Citizen Journalism

Posted on June 6, 2007. Filed under: Main Stream Media, News |

Over the past year, a number of high-powered journalists wrote articles that have disparaged “citizen journalism” and “blogs” as less than authentic sources of important news. They have basically said that these new media outlets can cover stories as sophisticated as local traffic jams and as complicated as announcing a school snow day. But in all this smug self-assurance and backslapping, one can smell their fear of the future. If the issue were so cut and dried, they would not have to say it so vociferously. Newspaper reporters are scared for their jobs. I would argue, however, that they have very little to fear from either blogs or citizen journalism. I’ll come back to this later.

What is important about personal blogs and citizen journalism is that they create conversations that make us a freeer people. The miraculous thing is that it does not matter how large one’s readership is. If no one reads a blog (and that’s almost never precisely true), than the blogger has at the very least personally benefitted from the experience. If the blogger has a million readers, so much the better. Most personal blogs are the not for profit kind. The most important benefit from these news sources is that it has the potential to allow the millions of articulate and literate men, women, and children to have a voice. The best outcome would be if these voices questioned conventional wisdom and fearlessly struggled to demystify the exceedingly complex issues of the day. In these pursuits they rely in part on professional reporters and authors.

  • Quotes of the Day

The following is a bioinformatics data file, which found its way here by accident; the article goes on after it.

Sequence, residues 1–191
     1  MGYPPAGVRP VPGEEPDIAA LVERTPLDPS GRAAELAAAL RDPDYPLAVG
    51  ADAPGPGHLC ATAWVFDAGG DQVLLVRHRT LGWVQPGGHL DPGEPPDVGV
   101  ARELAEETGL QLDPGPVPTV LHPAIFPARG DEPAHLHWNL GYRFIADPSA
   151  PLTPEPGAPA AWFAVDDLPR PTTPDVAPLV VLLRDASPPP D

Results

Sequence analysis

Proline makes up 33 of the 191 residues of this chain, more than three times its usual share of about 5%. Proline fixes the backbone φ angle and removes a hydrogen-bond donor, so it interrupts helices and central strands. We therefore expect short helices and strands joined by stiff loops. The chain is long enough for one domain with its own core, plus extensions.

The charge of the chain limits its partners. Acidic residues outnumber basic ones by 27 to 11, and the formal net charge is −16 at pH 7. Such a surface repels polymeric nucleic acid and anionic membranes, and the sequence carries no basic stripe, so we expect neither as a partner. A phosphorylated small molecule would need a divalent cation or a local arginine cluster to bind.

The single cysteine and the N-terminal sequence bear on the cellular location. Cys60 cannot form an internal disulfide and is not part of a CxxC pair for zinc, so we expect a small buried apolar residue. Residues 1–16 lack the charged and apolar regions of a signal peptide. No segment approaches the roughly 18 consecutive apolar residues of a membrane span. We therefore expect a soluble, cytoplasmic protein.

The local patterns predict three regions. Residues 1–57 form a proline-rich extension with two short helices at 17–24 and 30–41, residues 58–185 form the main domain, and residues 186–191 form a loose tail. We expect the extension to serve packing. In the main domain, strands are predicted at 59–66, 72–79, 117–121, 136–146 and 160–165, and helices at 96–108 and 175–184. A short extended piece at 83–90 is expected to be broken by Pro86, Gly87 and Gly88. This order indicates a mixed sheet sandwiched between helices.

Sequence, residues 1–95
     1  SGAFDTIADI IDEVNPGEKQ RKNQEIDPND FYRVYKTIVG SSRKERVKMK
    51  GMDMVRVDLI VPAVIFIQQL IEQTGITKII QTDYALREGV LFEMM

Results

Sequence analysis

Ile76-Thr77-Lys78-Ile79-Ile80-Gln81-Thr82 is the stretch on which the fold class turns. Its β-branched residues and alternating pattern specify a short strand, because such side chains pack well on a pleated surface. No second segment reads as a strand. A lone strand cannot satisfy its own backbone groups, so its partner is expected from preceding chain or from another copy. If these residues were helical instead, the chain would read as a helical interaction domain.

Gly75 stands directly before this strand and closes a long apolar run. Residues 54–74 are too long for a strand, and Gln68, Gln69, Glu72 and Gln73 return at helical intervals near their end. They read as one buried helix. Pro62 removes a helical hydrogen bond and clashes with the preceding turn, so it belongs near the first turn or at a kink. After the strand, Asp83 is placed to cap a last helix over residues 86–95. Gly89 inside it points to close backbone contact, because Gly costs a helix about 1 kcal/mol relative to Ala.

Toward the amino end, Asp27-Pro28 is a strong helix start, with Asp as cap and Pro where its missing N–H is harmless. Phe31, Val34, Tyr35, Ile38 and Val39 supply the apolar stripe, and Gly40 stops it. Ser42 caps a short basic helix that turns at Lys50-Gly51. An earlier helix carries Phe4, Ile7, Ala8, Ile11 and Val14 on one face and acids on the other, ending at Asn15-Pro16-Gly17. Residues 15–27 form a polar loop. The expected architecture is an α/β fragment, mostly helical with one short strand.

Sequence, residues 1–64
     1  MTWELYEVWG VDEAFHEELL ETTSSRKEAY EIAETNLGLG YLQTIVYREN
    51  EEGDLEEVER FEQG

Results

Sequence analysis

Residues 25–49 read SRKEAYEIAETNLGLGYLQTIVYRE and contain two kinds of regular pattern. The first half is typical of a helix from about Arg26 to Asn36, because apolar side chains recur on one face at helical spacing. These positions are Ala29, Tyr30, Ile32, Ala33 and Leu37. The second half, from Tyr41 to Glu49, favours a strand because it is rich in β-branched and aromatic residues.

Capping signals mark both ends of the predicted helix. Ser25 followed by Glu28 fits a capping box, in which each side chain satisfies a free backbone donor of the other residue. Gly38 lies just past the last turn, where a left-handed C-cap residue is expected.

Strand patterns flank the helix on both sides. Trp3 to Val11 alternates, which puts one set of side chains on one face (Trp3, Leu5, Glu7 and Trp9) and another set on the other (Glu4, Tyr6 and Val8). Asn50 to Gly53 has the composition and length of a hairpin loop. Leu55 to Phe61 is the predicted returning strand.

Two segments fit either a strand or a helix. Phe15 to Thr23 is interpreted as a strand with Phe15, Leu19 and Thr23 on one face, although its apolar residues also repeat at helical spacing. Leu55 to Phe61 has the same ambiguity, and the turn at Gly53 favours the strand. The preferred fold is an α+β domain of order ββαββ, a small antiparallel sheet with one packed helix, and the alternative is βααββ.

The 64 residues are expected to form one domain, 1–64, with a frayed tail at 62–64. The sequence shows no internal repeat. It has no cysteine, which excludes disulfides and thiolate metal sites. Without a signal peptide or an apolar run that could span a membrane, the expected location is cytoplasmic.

"Writing editorials is like wetting your pants in a blue serge suit. It feels good, but nobody really notices."

    --Jack Germond

    "Famous men and women, by the act of putting themselves on display, whether as politicians, actors, writers, painters, musicians, restaurateurs, or whatever, invite public appraisal. They are all, impressively or pathetically, acting on the presumption that their ideas, their fantasies, their music, their bodies are more original than those of, say, a plumber or a certified public accountant. They are all exercising the impulse, as Mencken put it, ‘to flap their wings in public.’ This is so obvious to the critic–and, I believe, to the ordinary reader or spectator–that it seems hardly worth saying. But resentment of the practice of criticism itself is strong among professional artists (and all Presidents of the United States). There is a psychological type among them that hates critics on principle as parasites or failed performers. This is very natural but surely very childish and, in any country claiming to be civilized, actually anti-social. The existence of critics, good, bad, or indifferent, is a firm clause in the social contract between the governors and the governed in any nation that is not a dictatorship. Public figures should accept with good grace the public response to their invitations to be admired and resist the temptation to retort, except in the face of flagrant malice."

    --Alistair Cooke

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